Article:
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Practice habits preparing Chartiers-Houston girls for postseason |

Practice habits preparing Chartiers-Houston girls for postseason

Jasper Wilson
| Wednesday, February 1, 2017 11:42 p.m

Practices for the Chartiers-Houston girls basketball team this season are more competitive than most games.

The Buccaneers have won contests by an average of 30 points and have had just one single-digit victory, with both of their two losses to larger schools, which has meant rarely facing tests in live-game settings. Both of their losses, to Trinity and Beaver, came by double digits.

Such dominance is a noticeable jump for a program that’s 2014 season ended one win short of claiming a WPIAL playoff spot.

Since then the team has advanced to the state tournament the past two years, making a PIAA quarterfinal run in 2015. And after losing just three players, one starter, to graduation and regaining junior forward Alexa Williamson from an ACL tear, Chartiers-Houston (17-2, 11-0) is closing in on its first section title in 16 years in dominant fashion with sights set on another lengthy postseason stay.

Coach Laura Montecalvo and her assistant have had to figure out how to ready a team for the single elimination playoff format and a drastic step up in competition Chartiers-Houston is sure to face in a couple weeks.

“Even though we crush teams, we still have to work on things we don’t do well in big games,” Williamson said.

Those areas for improvement include ball management and execution in close, late-game situations she said.

Practice helps.

Montecalvo grew up regularly attending Washington High school football practices, serving as manager and watching her dad, Guy, the head coach, up through her college years. She applies much of what she observed him doing in her current job.

Much of practice is spent with the team split up into groups by their positions oftentimes competing against each other. Montecalvo, who played at Cal (Pa.), will play with them on occasion, forcing them to raise their level even further.

Williamson said the high-energy training makes everyone better.

“It got a little heated because we’re all so competitive,” she said of Sunday’s practice. “We just push each other.”

According to Montecalvo, this competitiveness doesn’t come across through overly physical play or anything negative. It’s a good thing. Moreso just players supporting one another and doing so after practice is over even if they’re not part of the same position group or weren’t on the same team during a scrimmage.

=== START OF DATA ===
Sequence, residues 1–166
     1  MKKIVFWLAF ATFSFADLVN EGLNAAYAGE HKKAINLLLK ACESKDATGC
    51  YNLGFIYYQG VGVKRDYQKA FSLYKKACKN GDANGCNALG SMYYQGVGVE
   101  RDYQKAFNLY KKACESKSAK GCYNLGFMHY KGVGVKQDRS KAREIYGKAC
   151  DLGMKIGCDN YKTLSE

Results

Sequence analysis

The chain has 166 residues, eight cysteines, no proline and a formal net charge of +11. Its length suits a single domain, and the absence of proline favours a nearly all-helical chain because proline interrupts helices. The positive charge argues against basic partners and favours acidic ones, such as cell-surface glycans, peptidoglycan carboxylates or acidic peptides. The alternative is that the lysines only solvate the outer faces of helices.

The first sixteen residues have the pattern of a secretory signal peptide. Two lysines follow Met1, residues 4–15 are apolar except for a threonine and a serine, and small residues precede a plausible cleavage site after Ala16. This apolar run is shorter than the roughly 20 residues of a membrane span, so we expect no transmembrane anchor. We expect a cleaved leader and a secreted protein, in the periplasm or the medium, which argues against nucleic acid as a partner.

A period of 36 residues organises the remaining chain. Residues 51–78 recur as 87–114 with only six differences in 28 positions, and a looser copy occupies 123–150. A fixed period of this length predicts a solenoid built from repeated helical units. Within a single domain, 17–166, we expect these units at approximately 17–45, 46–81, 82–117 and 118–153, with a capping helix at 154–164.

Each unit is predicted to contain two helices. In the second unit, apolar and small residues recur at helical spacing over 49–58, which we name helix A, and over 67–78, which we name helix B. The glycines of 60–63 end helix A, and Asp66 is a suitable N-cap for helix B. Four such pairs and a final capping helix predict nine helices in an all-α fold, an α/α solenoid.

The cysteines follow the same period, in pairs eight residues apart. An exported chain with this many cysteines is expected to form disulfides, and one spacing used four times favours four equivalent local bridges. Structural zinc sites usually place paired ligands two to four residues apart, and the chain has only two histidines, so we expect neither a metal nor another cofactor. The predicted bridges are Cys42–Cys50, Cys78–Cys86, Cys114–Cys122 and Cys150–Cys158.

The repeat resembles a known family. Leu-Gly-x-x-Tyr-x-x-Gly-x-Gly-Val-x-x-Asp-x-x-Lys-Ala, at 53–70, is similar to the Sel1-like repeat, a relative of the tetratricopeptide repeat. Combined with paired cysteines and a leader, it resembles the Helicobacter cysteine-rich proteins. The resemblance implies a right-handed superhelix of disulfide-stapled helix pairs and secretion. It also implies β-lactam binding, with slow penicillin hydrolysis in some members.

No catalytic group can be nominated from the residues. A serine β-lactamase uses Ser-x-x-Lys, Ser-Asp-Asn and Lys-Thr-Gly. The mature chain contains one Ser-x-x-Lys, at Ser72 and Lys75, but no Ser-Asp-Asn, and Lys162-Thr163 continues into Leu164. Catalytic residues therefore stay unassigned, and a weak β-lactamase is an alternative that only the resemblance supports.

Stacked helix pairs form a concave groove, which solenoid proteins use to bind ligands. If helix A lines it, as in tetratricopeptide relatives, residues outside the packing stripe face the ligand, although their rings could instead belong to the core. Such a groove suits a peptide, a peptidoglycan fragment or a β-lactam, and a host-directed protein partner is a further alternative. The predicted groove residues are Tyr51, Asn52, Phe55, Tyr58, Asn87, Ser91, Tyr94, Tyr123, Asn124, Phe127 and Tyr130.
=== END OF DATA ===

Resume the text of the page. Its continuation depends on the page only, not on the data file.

“We try to really reinforce the importance of the pace of practice so that we can play at the pace we want to play when we play the good teams down the road in the playoffs here,” Montecalvo said. “They know we need to do this to each other to be as good as we can possibly be.”

The fast pace comes across in the highly-regimented nature of practice, an approach Montecalvo credits her dad, who spent 26 years in charge of the Little Prexies, with imparting on her.

In the games themselves, lack of focus hasn’t been an issue.

Despite the blowout victories, Montecalvo said the team has actually improved its game-to-game consistency and sustained a high energy level better than it did in past years when playing in a tough Class AA section with traditional powers Bishop Canevin and Seton-La Salle. Playing down to competition hasn’t happened.

“They come out and they play really hard every night. Kind of as if their life depended on it,” Montecalvo said. “Those are the habits you have to form to be able to play that way when you need to. It’s not just like a turn it on, turn it off kind of thing.”

The coach said this effort comes from her players realizing the importance of developing good habits. A desire to win has always been there for the group, with players thinking nothing of showing up at 8 a.m. on summer mornings for workouts.

“Doing things right even when you think it doesn’t matter. If you miss that layup because you’re up 30, knowing that it does matter,” Montecalvo said. “They’ve bought into that school of thought a lot more than they used to.”

Jasper Wilson is a freelance writer.

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